Gert Weigelt receives the German Dance Award 2019
Gert Weigelt has dedicated his life to dance. As a dancer, he worked with choreographers such as Hans van Manen, Jerome Robbins, Jiří Kylián, Kurt Jooss, Glen Tetley and Birgit Cullberg.
Following his dance career and his artistic photography studies, he accompanied the outstanding choreographers of our time, such as Pina Bausch, Hans van Manen, Maurice Béjart, Susanne Linke, William Forsythe, Gerhard Bohner and Martin Schläpfer, with his camera.
Weigelt's works are not only documents of dance, they are works of art in their own right. They reveal external form and internal movement. They are a celebration of movement and the body. Furthermore, they are a celebration of dance, which always offers new perspectives and makes the hidden and undiscovered visible to us. At the moment portrayed in the image, the stage, the photographer and the camera seem to have become one to capture the soul of dance – for an instant.
Weigelt's works have paved the way for the ephemeral art form of dance to enter the world of journalism and the media, and therefore also the digital world. He places the dancers at the centre of his works, portraying those who create dance – with their elegance and passion, their grace and energy, with sex appeal and precision.
Jo Parkes is a dance artist. For 17 years she has been initiating and leading participatory dance projects (community dance) and innovative art projects with participants from very different social and cultural backgrounds. JUNCTION, a dance and video workshop programme in four Berlin refugee accommodation centres, was also created in this manner.
Motivated by the conviction that everyone has a right to participate in art and especially in contemporary dance, and that dance offers an area of experience in which individual as well as social issues can be processed and shaped on an aesthetic and expressive level, she has worked with various groups, especially those that are socially and politically disadvantaged and neglected.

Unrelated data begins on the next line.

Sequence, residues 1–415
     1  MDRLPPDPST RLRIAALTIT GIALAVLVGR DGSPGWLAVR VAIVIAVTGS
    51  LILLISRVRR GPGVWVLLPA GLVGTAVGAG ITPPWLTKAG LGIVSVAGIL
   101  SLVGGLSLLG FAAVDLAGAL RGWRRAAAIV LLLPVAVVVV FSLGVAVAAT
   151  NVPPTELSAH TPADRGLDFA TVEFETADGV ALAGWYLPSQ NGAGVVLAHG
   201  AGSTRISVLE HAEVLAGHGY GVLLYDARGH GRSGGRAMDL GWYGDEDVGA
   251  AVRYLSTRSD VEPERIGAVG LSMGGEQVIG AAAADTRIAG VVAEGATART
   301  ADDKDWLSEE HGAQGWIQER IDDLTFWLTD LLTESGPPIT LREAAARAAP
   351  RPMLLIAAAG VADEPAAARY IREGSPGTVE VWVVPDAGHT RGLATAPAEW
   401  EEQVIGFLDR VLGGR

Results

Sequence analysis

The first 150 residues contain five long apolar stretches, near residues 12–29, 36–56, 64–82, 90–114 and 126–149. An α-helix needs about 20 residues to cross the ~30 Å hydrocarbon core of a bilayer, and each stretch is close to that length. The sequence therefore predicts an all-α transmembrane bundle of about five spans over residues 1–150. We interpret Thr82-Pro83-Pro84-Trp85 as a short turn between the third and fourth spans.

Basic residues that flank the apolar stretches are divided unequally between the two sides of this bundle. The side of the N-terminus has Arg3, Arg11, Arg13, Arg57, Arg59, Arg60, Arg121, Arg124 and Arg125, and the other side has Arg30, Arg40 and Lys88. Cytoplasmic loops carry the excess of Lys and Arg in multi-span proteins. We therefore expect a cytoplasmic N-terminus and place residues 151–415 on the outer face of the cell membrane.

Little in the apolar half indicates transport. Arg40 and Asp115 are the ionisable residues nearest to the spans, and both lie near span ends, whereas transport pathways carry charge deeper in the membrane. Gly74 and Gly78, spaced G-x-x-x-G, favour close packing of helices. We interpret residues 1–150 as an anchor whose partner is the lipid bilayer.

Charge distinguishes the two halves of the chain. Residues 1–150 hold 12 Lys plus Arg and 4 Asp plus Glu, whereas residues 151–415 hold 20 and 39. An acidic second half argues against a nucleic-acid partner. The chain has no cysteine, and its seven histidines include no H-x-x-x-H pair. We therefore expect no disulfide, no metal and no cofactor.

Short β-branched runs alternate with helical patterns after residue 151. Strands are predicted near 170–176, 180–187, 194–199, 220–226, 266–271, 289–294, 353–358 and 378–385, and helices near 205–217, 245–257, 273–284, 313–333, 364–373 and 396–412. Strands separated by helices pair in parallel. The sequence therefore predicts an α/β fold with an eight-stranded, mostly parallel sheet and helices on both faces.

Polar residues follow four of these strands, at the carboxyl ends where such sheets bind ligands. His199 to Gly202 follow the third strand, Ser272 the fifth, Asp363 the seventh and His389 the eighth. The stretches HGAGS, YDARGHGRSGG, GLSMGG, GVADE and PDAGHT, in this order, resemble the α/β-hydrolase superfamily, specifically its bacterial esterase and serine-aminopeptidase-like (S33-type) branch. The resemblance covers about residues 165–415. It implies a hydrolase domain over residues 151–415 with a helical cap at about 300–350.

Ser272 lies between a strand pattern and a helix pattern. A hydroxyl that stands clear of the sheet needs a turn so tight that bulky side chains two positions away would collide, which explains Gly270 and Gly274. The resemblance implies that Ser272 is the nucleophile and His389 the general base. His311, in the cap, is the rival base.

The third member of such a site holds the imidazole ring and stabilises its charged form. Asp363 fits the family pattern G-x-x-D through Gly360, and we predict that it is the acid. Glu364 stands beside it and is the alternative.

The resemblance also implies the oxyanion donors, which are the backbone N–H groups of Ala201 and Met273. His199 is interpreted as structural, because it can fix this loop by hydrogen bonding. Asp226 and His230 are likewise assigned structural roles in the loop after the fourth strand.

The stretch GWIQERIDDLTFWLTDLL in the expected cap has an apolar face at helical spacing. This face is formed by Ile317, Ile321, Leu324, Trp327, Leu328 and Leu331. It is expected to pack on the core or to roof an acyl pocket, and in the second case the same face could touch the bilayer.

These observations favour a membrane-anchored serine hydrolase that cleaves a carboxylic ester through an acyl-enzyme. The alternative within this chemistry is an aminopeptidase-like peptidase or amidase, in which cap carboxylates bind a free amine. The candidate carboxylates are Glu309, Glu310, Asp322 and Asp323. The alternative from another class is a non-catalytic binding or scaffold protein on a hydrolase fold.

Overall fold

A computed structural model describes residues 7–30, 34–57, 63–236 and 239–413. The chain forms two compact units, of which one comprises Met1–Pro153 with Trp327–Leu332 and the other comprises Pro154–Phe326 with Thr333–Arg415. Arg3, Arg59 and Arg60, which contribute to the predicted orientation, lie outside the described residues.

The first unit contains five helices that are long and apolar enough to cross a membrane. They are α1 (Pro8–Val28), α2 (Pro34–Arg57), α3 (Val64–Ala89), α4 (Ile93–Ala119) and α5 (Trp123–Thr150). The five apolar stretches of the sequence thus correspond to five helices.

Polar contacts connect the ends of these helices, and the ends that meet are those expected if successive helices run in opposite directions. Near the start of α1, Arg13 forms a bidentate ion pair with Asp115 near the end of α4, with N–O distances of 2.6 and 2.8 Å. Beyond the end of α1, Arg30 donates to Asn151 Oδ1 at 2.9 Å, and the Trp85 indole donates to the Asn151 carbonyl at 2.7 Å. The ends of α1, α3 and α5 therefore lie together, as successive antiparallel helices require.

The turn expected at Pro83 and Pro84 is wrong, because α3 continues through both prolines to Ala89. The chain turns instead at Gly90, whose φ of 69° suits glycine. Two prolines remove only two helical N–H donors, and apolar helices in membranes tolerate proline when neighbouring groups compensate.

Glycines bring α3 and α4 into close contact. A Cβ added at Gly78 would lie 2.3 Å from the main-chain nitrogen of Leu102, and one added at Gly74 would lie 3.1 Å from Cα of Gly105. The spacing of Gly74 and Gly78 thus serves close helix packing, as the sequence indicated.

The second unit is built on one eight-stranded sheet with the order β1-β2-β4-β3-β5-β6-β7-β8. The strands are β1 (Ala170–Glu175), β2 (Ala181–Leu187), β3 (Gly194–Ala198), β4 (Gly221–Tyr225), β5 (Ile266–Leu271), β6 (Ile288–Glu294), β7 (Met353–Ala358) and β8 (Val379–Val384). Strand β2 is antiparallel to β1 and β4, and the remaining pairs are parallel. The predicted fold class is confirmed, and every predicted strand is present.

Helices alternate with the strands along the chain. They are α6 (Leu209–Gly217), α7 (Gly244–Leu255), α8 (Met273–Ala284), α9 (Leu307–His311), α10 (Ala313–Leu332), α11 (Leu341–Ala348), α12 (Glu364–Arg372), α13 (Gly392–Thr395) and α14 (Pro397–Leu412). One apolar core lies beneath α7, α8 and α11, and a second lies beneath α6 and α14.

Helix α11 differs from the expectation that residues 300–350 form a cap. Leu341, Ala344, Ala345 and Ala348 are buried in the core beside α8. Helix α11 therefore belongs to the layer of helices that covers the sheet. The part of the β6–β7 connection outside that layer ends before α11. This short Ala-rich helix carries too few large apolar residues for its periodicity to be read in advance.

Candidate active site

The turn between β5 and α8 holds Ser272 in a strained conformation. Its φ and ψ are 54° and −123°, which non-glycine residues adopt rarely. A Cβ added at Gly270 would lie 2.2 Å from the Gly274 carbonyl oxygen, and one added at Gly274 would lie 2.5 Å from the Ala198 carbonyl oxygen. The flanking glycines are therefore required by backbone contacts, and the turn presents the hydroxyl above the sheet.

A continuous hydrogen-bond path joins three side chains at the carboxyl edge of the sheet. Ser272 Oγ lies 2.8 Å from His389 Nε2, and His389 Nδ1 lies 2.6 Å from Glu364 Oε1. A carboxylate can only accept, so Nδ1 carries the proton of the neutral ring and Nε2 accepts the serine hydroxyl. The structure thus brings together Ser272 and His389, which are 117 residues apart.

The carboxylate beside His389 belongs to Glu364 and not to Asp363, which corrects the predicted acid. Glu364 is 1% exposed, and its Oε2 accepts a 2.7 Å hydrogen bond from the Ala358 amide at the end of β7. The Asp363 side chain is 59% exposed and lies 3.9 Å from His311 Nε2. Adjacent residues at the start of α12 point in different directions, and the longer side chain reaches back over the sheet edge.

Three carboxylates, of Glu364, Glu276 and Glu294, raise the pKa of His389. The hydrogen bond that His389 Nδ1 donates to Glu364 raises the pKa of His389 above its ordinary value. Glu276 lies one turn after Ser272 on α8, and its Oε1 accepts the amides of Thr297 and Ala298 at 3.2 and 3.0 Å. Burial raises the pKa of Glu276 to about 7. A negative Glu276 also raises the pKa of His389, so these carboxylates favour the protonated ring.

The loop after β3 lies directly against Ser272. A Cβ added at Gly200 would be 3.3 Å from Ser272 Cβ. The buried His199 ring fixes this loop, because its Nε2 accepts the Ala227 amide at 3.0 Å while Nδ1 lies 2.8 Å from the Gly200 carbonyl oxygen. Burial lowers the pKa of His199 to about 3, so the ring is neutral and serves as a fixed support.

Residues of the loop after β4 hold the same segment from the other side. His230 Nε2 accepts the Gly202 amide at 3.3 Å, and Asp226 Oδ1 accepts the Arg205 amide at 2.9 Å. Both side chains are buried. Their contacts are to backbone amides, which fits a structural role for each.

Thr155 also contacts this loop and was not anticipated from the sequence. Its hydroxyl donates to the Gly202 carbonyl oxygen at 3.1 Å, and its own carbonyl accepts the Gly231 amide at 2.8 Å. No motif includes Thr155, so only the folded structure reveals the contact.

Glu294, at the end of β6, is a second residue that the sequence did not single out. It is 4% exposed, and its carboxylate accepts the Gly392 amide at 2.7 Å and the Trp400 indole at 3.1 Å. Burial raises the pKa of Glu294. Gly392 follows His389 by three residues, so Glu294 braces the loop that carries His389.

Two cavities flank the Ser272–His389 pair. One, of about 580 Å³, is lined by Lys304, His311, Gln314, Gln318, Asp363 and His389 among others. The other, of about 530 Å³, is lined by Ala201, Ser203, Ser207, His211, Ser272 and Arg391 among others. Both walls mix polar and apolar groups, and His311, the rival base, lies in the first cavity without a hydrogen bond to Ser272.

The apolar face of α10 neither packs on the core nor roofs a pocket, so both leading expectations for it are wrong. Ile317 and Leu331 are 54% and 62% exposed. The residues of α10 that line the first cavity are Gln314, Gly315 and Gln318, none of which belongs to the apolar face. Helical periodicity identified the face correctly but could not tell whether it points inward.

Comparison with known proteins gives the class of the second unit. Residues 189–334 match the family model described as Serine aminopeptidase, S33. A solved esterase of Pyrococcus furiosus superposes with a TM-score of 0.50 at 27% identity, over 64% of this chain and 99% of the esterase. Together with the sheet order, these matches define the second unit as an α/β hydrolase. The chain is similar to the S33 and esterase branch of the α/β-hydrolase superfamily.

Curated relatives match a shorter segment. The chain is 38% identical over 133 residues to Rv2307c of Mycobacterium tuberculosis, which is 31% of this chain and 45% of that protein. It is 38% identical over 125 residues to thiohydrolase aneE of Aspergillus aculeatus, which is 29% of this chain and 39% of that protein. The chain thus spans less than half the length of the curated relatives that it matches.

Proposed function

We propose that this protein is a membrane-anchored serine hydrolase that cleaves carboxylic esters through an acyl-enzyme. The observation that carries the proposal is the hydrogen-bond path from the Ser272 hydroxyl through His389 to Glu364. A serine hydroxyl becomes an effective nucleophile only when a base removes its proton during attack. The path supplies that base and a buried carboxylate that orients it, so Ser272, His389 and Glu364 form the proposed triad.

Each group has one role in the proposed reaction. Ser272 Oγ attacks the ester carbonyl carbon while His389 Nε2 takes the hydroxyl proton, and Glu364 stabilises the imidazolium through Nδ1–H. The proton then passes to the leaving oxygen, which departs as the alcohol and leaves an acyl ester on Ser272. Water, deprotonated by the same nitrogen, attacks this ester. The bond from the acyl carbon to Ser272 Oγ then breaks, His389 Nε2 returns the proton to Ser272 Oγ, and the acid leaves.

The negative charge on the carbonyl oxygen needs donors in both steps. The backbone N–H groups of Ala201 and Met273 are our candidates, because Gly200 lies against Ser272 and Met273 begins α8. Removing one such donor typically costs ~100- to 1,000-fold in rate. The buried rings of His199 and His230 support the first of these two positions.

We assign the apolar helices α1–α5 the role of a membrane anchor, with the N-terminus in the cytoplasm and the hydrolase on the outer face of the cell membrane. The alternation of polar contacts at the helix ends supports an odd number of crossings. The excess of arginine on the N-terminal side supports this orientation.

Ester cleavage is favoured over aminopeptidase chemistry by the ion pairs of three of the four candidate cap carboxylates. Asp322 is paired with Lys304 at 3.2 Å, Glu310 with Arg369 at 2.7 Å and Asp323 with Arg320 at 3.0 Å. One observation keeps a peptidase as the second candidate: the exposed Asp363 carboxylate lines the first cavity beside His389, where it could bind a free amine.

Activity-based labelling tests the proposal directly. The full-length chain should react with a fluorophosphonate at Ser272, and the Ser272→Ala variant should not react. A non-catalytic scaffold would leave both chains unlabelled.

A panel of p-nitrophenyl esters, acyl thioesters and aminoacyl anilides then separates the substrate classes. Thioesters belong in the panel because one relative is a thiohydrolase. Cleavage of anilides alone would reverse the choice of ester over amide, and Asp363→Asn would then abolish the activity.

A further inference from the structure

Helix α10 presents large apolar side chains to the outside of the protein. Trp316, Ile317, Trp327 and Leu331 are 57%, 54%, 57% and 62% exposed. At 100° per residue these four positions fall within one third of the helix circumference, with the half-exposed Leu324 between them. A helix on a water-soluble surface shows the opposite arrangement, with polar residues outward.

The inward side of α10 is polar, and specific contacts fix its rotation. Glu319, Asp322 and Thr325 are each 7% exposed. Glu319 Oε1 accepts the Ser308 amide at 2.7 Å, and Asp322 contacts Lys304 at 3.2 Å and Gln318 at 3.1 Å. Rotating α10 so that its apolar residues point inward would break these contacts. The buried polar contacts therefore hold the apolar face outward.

In an extraordinarily impressive way, Jo Parkes' artistic projects convey how dance can affect our society. They exemplify many developments in community dance in Germany and the social commitment of the protagonists of dance.
Dancer and choreographer Isabelle Schad studied classical dance in Stuttgart and has danced for numerous choreographers. Since 1999 she has been producing her own choreographic works at the interface between dance, performance and visual arts.
Isabelle Schad explores the body. The search for internal impulses of movement, for that which moves in the body, forms the starting point of her choreographies. This means that the body is not simply a tool to create choreographic figures or a certain expression but rather undergoes continuous metamorphoses, is observed and brought into play again and again. Her dance and the bodies of her dancers seek less to create a fixed image or a clear form of expression than to help us to experience how movements turn into art. And when these processes are applied to the dancers, completely new forms of collective work emerge.
This particular creative process has had a decisive influence on contemporary dance in recent decades. Isabelle Schad's works are outstanding examples of this.